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Prophetic Expositions, vol. 1 - Contents
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    The grand question, Is the time of the second advent of the Saviour revealed in the word of God? seems to lie at the foundation of our investigations of the prophecies. If it is not revealed, we shall labor in vain to ascertain it; if it is matter of revelation, it is a proper subject of discussion and examination until we arrive at the truth on the subject. That there is a diversity of opinion on the meaning of the prophecies, is no reason why we should not study and endeavor to understand the subject; for there is probably not a subject in the Bible which is not controverted, and on which great and learned men do not disagree. If this fact is a valid reason for the neglect of the prophecies, it is a good reason why we should throw away the whole Bible.PREX1 112.1

    The great argument usually urged against the investigation of the prophetic periods is, that the Saviour declared (Matthew 24.) of that day and hour knoweth no man, no, not the angels in heaven, but my Father only.” To this objection I shall for the present only reply, that what was not known either to men or angels 1800 years ago, may, for all that, be a matter of revelation, and be understood at the time and by the age for whose benefit the prediction was specially given. In the proper place this objection will be more fully met.PREX1 112.2

    I shall now endeavor to show, 1st, that the fact and lime of Christ’s second coming are both revealed in the 8th chapter of Daniel; and 2nd, when, according to that revelation, the event will take place.PREX1 113.1

    The question and answer contained in Daniel 8:13, 14, has so often been examined and put to the torture, that one would be almost inclined to the opinion that nearly all has been said upon it that can be said. But yet I have a disposition to try it once more. I shall give the text without the italicised or inserted words.PREX1 113.2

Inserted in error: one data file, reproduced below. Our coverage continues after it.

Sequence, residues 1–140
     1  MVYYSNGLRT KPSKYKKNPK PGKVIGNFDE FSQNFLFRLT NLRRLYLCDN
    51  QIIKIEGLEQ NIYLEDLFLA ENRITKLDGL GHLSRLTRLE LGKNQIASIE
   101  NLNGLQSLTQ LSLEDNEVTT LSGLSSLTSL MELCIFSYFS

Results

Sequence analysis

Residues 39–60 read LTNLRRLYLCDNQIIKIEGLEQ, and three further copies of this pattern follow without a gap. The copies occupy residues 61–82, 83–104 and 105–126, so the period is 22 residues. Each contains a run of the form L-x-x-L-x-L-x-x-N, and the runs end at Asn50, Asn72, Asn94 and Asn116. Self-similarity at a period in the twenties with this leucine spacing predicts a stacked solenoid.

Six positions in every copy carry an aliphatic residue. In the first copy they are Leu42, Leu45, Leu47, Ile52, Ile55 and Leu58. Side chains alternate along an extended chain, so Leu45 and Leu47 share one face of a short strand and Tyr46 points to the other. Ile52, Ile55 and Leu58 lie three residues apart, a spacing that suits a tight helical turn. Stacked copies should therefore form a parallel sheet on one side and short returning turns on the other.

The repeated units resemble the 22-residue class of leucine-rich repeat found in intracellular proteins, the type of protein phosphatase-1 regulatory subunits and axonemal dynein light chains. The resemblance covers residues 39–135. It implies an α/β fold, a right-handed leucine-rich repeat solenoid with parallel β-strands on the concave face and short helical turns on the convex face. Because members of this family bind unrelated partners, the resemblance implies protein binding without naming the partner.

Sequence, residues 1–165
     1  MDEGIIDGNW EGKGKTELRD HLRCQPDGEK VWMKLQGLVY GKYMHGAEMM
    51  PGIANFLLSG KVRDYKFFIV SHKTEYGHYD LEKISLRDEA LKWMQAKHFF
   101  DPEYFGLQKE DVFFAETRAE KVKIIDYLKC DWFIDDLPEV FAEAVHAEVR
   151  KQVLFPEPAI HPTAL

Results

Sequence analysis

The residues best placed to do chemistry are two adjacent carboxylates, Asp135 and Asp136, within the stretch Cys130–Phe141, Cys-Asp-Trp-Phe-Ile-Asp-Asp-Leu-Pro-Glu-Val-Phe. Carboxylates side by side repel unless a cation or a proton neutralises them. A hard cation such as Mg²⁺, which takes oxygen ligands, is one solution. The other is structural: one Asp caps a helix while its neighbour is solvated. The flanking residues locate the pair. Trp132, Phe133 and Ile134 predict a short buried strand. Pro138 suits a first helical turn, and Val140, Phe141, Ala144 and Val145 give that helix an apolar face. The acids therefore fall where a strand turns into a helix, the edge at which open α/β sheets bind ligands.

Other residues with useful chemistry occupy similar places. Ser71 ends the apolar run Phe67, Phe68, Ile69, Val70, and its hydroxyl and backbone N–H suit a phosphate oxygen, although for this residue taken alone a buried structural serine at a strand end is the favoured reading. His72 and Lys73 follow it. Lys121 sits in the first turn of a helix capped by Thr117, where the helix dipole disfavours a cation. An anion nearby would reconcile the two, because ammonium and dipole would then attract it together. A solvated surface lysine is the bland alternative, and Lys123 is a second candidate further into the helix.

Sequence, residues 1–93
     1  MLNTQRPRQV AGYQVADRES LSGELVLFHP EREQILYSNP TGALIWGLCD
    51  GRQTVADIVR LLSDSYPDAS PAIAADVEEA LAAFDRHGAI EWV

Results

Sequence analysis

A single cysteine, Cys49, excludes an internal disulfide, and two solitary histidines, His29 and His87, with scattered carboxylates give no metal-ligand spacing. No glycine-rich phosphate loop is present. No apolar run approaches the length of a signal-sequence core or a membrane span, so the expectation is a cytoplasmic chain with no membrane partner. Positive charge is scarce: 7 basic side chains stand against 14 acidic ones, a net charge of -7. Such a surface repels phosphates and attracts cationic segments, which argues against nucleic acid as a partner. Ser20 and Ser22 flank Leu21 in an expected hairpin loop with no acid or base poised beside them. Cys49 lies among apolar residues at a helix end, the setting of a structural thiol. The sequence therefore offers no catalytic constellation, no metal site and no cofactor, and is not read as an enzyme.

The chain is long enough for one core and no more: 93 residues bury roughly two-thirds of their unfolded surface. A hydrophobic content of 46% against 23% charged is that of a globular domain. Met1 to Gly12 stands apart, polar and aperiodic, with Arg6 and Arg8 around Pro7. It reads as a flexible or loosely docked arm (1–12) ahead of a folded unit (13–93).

1. The question. “How long the vision, the daily and the transgression of desolation, to give both the sanctuary and the host to be trodden under foot?”PREX1 113.3

    It is presumed no one will dispute that this is the true and correct reading of the original. First, “How long the vision?” What vision? The true answer to this question will be a decision of the dispute, whether the days are to be understood literally or figuratively. If the vision includes only the little horn, and that little horn is Antiochus, then the days are literal, or rather general and indefinite. But if the vision includes the ram with his two horns, the tough goat with his great horn between his eyes, and the four horns, together with the little horn out of one of the four, then, let the little horn be what it may, the days must be figurative, and mean something more than literal days. Now, reader, just read the text again, together with the context. “How long the vision, the daily and the transgression of desolation, to give both the sanctuary and the host to be trodden under foot?” What is the vision? Reader, think. Were not the ram and goat a part of the vision? Does not Daniel, when relating the vision, commence it with the ram having two horns? Does not Gabriel, when told to make Daniel understand the vision, begin his instruction on the import of the imagery, by saying, “The ram which thou sawest, having two horns, are the kings of Media and Persia?” Then the ram was a part of the vision. If this be correct, then professor Stuart, professor Chase, and a host of others who follow in their wake, are incorrect in restricting the vision to the little horn out of one of the four notable horns of the goat.PREX1 113.4

    2. The answer. “Unto two thousand three hundred days, then shall the sanctuary be cleansed.” The literal rendering is, 2300 evening morning, the Hebrew mode of expressing a day; as in Genesis 1st chapter:—“The evening and the morning is the first day,” “second day,” etc.PREX1 114.1

    Mr. Dowling contends that the period is only 1150 days. That the number relates to the Jewish sacrifices; and there being two Jewish sacrifices a day, there would be only half as many days as there were sacrifices. According to him, it was fulfilled by Antiochus Epiphanes, by his taking away or prohibiting the Jewish offerings 1150 days. Professor Stuart, however, allows them to be 2300 literal days, and finds them fulfilled in the same person. But one thing is very unfortunate for their cause; neither of them have yet been able to show from history the fulfilment of the period either in whole or part. I assert it without fear of contradiction, that it has never yet been shown that the time was fulfilled in Antiochus.PREX1 114.2